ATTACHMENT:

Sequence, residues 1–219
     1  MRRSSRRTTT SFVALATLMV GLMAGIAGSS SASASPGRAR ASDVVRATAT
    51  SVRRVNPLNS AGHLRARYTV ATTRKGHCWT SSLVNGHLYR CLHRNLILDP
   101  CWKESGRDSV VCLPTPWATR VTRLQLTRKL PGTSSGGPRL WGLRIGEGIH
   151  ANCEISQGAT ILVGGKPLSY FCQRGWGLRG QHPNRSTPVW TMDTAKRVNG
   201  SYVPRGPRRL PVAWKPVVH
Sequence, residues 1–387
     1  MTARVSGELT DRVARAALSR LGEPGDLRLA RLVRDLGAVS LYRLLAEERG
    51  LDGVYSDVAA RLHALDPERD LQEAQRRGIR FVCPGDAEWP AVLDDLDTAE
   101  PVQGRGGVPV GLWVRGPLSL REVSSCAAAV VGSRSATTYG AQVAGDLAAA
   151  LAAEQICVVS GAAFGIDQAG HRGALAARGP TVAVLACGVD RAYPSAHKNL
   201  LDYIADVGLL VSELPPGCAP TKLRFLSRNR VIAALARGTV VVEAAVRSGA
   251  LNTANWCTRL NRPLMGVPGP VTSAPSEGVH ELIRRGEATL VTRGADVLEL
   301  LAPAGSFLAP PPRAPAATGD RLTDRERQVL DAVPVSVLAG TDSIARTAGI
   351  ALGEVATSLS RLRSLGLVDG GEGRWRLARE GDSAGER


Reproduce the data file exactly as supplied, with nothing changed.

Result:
Sequence, residues 1–219
     1  MRRSSRRTTT SFVALATLMV GLMAGIAGSS SASASPGRAR ASDVVRATAT
    51  SVRRVNPLNS AGHLRARYTV ATTRKGHCWT SSLVNGHLYR CLHRNLILDP
   101  CWKESGRDSV VCLPTPWATR VTRLQLTRKL PGTSSGGPRL WGLRIGEGIH
   151  ANCEISQGAT ILVGGKPLSY FCQRGWGLRG QHPNRSTPVW TMDTAKRVNG
   201  SYVPRGPRRL PVAWKPVVH
Sequence, residues 1–387
     1  MTARVSGELT DRVARAALSR LGEPGDLRLA RLVRDLGAVS LYRLLAEERG
    51  LDGVYSDVAA RLHALDPERD LQEAQRRGIR FVCPGDAEWP AVLDDLDTAE
   101  PVQGRGGVPV GLWVRGPLSL REVSSCAAAV VGSRSATTYG AQVAGDLAAA
   151  LAAEQICVVS GAAFGIDQAG HRGALAARGP TVAVLACGVD RAYPSAHKNL
   201  LDYIADVGLL VSELPPGCAP TKLRFLSRNR VIAALARGTV VVEAAVRSGA
   251  LNTANWCTRL NRPLMGVPGP VTSAPSEGVH ELIRRGEATL VTRGADVLEL
   301  LAPAGSFLAP PPRAPAATGD RLTDRERQVL DAVPVSVLAG TDSIARTAGI
   351  ALGEVATSLS RLRSLGLVDG GEGRWRLARE GDSAGER